No fingers
Holly fuck, she was properly batshit crazy. Who would go to such lengths to engineer a tactical situation purely to allow you to flip off the target? Bonkers. Sully slowly shook his head in disbelief, then zoomed out. He wanted to see how this ended. He then realised that he'd lost the remaining two plastoids. The footage was once again rewound, back to when they first surrounded the mine facility. This time Sully followed the two plastoids that had broken off from the rest of the pack that were targeting the surveillance equipment. They went straight for the mine head, covering the ground in just a couple of leaps in the low g. They disappeared into the mine shaft, where the overhead camera lost them. Not for the first time since watching the footage, Sully frowned. He cycled through the readings that Mason would have been able to access from her tac-suit. Commanding the plastoids in the mine would have been difficult for her. Their onboard AI wasn't sophisticated enough to act independently, while the dense rock of Hebe made direct communication difficult, impossible if she hadn't been so close to the action. Sully, like Mason at the time, had to settle for a shaky visual feed from the underground plastoids. They moved quickly, working together to cover angles while remaining hidden. That Mason was able to co-ordinate this while the plastoids on the surface went to work was impressive. For a psychopath. 
It took Mason and her two plastoids less than two minutes underground to locate the target in a small antechamber off the main shaft, about 25 metres down. The air lock at the neck of the chamber was hacked and cycled, alarms turned off by Mason's incursion software so that the plastoids could enter the room unseen. Sergeant Gumelar had improvised, dressing one of the ship's maintenance drones as a crude approximation of a human. Mechanical arms connected to a squat body, and in place of a head the Sergeant had used epoxy resin to attach one of the medicine balls from the gym. And then painted on a face. Nice touch.
One of the plastoids took out the single hanging light orb with a shot from the small laser carbine it carried, the other leapt for the mechanical dig-lead, producing a knife which it held at the junction of medicine ball and drone. Via a small speaker in the plastoid's throat Mason relayed over her command.
"You are in contravention of your tri-witnessed contract with Lanark-Horishmo and are hereby relieved of you position of dig-lead at Hebe mine xza31d. You are instructed to surrender all command protocols immediately."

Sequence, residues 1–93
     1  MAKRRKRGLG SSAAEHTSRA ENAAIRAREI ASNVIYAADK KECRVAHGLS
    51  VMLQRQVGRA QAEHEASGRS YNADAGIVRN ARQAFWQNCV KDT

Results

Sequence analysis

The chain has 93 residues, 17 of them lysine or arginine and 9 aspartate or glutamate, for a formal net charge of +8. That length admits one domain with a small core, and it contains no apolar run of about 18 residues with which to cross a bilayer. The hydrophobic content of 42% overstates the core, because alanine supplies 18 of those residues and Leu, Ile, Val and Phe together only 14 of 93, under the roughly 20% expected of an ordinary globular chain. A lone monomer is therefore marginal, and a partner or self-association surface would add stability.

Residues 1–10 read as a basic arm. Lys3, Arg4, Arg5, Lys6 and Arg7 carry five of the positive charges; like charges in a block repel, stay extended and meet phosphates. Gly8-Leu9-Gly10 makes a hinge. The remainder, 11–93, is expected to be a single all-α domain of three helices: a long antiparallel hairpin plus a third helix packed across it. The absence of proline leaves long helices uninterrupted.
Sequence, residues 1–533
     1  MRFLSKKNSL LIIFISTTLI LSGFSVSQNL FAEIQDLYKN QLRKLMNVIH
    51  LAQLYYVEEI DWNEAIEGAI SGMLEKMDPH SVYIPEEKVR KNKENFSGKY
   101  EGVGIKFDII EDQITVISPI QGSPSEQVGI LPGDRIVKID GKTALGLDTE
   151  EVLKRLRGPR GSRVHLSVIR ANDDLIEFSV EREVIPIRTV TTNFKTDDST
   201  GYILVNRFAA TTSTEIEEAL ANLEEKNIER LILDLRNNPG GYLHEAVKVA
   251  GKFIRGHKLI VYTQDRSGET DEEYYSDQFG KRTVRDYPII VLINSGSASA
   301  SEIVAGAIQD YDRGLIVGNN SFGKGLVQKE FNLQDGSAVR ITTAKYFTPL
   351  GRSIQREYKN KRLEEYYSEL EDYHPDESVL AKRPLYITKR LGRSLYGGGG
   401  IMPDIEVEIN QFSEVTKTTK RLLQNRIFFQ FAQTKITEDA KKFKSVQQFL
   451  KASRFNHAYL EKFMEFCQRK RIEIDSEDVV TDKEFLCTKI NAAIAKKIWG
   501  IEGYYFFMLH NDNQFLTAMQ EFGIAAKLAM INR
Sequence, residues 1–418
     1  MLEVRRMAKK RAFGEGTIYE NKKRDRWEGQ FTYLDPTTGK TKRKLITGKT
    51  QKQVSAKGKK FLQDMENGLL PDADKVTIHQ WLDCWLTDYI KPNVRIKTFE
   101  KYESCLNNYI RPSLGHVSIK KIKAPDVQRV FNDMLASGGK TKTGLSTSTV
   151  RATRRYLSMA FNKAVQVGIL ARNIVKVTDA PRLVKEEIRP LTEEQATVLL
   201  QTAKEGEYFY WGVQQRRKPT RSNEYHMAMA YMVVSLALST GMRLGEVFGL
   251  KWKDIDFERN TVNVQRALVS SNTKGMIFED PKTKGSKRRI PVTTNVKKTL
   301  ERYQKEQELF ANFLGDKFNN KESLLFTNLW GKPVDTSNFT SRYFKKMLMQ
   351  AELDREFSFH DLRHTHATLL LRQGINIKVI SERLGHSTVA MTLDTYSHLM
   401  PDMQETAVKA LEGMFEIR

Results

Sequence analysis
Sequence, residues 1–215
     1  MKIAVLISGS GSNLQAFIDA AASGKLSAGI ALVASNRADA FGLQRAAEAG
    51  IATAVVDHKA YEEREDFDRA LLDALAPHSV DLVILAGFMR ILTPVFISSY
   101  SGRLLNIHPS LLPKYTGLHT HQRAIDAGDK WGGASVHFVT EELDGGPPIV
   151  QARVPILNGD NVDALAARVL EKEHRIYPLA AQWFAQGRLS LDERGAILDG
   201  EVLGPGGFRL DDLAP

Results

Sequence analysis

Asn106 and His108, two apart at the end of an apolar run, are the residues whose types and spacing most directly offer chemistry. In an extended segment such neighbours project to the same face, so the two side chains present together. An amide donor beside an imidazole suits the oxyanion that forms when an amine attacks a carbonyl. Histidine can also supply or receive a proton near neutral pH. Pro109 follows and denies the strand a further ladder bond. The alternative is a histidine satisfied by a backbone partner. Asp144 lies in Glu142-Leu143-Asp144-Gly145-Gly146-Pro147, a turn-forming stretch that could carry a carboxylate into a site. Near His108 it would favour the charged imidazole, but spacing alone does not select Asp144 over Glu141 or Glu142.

"I....surrender....protocols....surrendered" a crude speaker set up on the drone's body crackled in to life, a burst of data in one of Sully's displays indicating that the dig-lead had surrendered control of the mining drone and reactor. 
Sully paused the replay, mentally conceding that it was a smooth run. Very little ordinance used, just a few low calibre lasers to recharge. Very little drone ware, the plastoids could even be melted back down into ship stores. Even less damage to company property than Sully had managed (and an order of magnitude down on Fuller). And less than 5% of the pack weight that Sully had shipped down to the asteroid and back - a big fuel saving there. He nodded in approval, even if she was a couple of drones short of a pack. 
He was just about to shut down the scenario run replay when he noticed on the counter that there was still 18 seconds of footage left. Usually it shut off as soon as the scenario was registered as complete, so Sully's interest was piqued. A play command was sent and the footage from the plastoids in the mine resumed. Sully watched from the perspective of the plastoid that had shot out the light. It had switched to night vision, so the picture had a green tinge. The plastoid focussed on its compatriot who remained stood behind the mechanical approximation of the dig-lead, knife poised where the neck would be. There was a few seconds pause, presumably as Mason registered that control had been surrendered by the dig-lead. Then the speaker at the plastoid's throat barked into life, an excited edge in Mason's voice unmistakable. 
"Not good enough"
The knife flashed at the epoxied neck, the head fell in slow motion in the low g, hitting the floor    then rolling towards the camera on the second plastoid. The footage ended with the crudely painted face staring vacantly at the camera. 
"Fuck me" gasped Sully. Suddenly he felt a little exposed, he turned round quickly, mental image of Mason stood behind him with a knife. 
Mason was stood behind him with a knife
In years to come Sully would be ashamed to admit that he screamed, but scream he did. Mason just smirked. 
"Like what you see?" she inquired 
Sully wasn't quite sure if she meant the footage or her appearance with a large serrated knife that gleamed in the overhead light, reflecting back the displays Sully had floating in front of him.
"It was an, er, interesting approach" he assumed she'd meant the footage.
"Indeed it was" her smile was wide, but her eyes registered none of the amusement. 
“I have, er, got to go. Said I'd play cards with the guys" Sully edged towards the main hatch.
"Sure thing" she moved to the side to let him past "I look forward to when we tender against each other for real"
Sully paused at the hatch
"Yeah, well, may the best, er, person win" he gave a nervous laugh as he turned to look at her. 
She was giving him the finger. 

No comments:

Post a Comment